FINANCIAL DEVELOPMENT AND GROWTH: Linear Specification Private Bank Credit Market Capitalization Total Capitalization Market Value Traded Accounting Standards Size: Across- and Within-Industry Comparisons FD * Size 0.003-0.022***-0.005-0.025*-0.041 Size-0.006 0.004 0.001 0.023 N 15,040 R2R2 0.11 Size: Within-Industry Comparisons FD * Size-0.033***-0.061***-0.026***-0.100***-0.070*** Size 0.006* 0.003 0.009*** 0.002 0.010*** N 15,040 R2R2 0.11 Age: Across- and Within-Industry Comparisons FD * Age 0.042***-0.002 0.019** 0.007 0.015 Age-0.104***-0.065***-0.095***-0.067***-0.077*** N 15,040 R2R2 0.11 Age: Within-Industry Comparisons FD * Age-0.099-0.410**-0.134-0.548-1.648*** Age-0.061***-0.057***-0.055***-0.061***-0.005 N 15,040 R2R2 0.11
FINANCIAL DEVELOPMENT AND GROWTH: Age and Size Quintile Groups Private Bank Credit Market Capitalization Total Capitalization Market Value Traded Accounting Standards Across- and Within-Industry Comparisons FD * Age Q1-0.004 0.008** 0.003 0.008 0.007 FD * Age Q2 0.015** 0.017*** 0.009*** 0.034*** 0.048** FD * Age Q3 0.021** 0.024*** 0.015*** 0.043*** 0.090*** FD * Age Q4 0.010** 0.006 0.006** 0.012* 0.040** FD * Size Q1-0.020-0.008-0.007 0.012-0.036 FD * Size Q2-0.020-0.010-0.009-0.007-0.064 FD * Size Q3-0.019-0.009-0.007-0.016-0.051 FD * Size Q4-0.008-0.002-0.003-0.001-0.024 Age Q1 0.027*** 0.021*** 0.019*** 0.023*** 0.019 Age Q2 0.005 0.011*** 0.004 0.012***-0.015 Age Q3-0.008 0.000-0.013*** 0.002-0.051*** Age Q4-0.007*-0.002-0.008*-0.002-0.026** Size Q1 0.100*** 0.086*** 0.093*** 0.082*** 0.108 Size Q2 0.056** 0.043*** 0.052*** 0.041*** 0.083* Size Q3 0.036*** 0.024*** 0.030** 0.023*** 0.055** Size Q4 0.014** 0.008*** 0.012** 0.007** 0.024 N 15,179 R2R2 0.21
FINANCIAL DEVELOPMENT AND GROWTH: Age Groups by Firm Size Private Bank Credit Market Capitalization Total Capitalization Market Value Traded Accounting Standards Across- and Within-Industry Comparisons FD * Age Q1 * Small 0.008 0.029*** 0.011* 0.062*** 0.029 FD * Age Q2 * Small 0.024 0.030*** 0.015*** 0.070*** 0.064 FD * Age Q3 * Small 0.028** 0.029*** 0.020*** 0.062*** 0.105*** FD * Age Q4 * Small 0.011-0.002 0.006* 0.001 0.055*** FD * Age Q1 * Big-0.022*-0.012-0.006-0.034*-0.017 FD * Age Q2 * Big 0.007 0.008* 0.005 0.017** 0.036 FD * Age Q3 * Big 0.024** 0.033*** 0.019*** 0.057*** 0.096** FD * Age Q4 * Big 0.021*** 0.023** 0.013*** 0.042*** 0.063*** Age Q1 0.036*** 0.027*** 0.028*** 0.027 Age Q2 0.011 0.016*** 0.009 0.017***-0.010 Age Q3-0.009 0.000-0.015*** 0.002-0.055** Age Q4-0.012**-0.004-0.013**-0.003-0.038*** Big-0.037***-0.041***-0.037***-0.040***-0.034*** N 15,179 R2R2 0.17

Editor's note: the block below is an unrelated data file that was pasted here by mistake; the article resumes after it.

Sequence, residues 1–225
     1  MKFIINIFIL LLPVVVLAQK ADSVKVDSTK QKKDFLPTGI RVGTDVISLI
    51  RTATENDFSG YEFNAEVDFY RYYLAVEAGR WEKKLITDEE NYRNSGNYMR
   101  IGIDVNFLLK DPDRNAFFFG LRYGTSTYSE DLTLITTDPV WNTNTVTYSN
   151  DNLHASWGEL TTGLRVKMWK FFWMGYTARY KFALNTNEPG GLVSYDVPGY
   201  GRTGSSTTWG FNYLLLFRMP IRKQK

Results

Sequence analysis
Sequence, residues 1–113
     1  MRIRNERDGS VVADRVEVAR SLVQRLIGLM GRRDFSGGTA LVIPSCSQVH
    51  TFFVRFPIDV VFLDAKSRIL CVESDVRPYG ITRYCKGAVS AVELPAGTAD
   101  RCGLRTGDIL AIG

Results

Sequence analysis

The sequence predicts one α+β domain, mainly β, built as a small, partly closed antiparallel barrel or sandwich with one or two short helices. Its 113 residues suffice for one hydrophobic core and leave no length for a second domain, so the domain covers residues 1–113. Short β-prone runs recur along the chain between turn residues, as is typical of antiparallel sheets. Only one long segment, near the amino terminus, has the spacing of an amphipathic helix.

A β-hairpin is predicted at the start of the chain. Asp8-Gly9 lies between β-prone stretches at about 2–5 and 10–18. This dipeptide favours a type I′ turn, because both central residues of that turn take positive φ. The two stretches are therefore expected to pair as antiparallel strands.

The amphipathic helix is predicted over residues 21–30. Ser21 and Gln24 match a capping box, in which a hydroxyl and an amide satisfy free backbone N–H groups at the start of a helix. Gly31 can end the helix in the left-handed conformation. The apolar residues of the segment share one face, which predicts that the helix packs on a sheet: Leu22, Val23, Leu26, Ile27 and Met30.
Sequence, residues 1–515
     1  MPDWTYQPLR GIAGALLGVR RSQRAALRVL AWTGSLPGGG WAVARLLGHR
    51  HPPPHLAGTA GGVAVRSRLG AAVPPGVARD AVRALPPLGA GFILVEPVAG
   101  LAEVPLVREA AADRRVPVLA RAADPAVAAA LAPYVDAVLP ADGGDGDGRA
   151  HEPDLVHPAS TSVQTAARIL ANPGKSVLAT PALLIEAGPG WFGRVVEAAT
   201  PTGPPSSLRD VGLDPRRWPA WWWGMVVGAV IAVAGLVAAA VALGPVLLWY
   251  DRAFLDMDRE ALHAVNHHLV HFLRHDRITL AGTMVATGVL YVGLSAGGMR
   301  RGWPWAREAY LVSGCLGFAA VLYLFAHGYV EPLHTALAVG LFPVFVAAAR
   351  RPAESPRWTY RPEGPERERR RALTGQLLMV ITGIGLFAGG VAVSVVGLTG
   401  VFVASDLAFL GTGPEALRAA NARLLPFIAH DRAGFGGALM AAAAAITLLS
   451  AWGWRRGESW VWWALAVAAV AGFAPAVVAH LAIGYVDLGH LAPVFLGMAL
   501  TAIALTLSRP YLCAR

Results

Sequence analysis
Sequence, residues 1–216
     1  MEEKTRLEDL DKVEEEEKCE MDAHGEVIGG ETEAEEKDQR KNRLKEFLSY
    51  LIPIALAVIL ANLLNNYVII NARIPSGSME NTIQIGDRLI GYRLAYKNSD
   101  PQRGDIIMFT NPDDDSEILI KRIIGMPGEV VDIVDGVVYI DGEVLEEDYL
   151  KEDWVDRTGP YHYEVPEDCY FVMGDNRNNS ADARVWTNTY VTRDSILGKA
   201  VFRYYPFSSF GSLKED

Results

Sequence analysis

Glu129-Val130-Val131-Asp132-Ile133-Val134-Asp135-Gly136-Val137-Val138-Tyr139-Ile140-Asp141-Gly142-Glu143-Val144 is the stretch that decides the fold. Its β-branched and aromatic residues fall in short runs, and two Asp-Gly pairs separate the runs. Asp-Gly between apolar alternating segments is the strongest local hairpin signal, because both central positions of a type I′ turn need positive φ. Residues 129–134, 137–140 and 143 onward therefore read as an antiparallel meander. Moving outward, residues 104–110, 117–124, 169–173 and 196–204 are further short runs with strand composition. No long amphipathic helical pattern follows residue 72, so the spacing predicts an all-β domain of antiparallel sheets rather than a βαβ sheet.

UNDERSTANDING THE RESULTS FOR THE YOUNGEST FIRMS If startups in low FD economies expect that in their early years it may be hard to raise external finance, then they ought to get endowed with an unusually high amount of initial equity at incorporation. Our regression asks whether equity endowment differs for otherwise similar newly incorporated companies across low/high FD. In accord with the hypothesis, we find that conditional on the effect FD has on equity endowment of all firms, the age gradient of equity endowment is higher for low FD levels.
WITHIN- OR ACROSS-INDUSTRY COMPARISONS? Firm-level analysis improves upon the industry-level Measure size (age) and growth precisely No need for RZ-style assumptions Use new sources of variation Compare results based on within- and across-industry size variation to discern the importance of firm-level unobservables. Measure growth of only firms of the industry-induced size. Discuss issues of firm survival and entry.
FINANCIAL DEVELOPMENT and GROWTH: Across-Industry Size Variation Private Bank Credit Market Capitalization Total Capitalization Market Value Traded Accounting Standards All Firms, No Firm-Level Controls FD * Industry Size-0.674-0.604-0.336-1.393-2.284 N 15,179 R2R2 0.06 All Firms, with Firm-Level Controls FD * Industry Size-0.468-0.630-0.319-1.362-2.111 Firm Size-0.003*-0.004*-0.004***-0.004* N 15,040 R2R2 0.11 Firms Near Industry Median Size, with Firm-Level Controls FD * Industry Size-0.220 0.475 0.156 0.854 0.232 Firm Size-0.748*-0.732*-0.742*-0.729*-0.745* N 3,041.3,041 3,041 R2R2 0.11 Firms Near Industry Median Size, with Firm-Level Controls FD * Firm Size 0.082 0.801 0.505 1.280 0.989 Firm Size-0.807-0.987**-1.426*-0. 893**-1.397 N 3,041 R2R2 0.11
ROBUSTNESS CHECKS: Results not sensitive to: Dropping firm-level controls in within-industry regressions (unobservables). Controlling for the interaction of intangibles with financial development. Using industry-country dummies. Using Financial Development indicators for 1995-1998. Dropping Greece. Using alternative definitions of the dependent variable. Using median firms as the base group. Using median regression (with bootstrapped standard errors). Using two-stage estimation methods instead of clustering.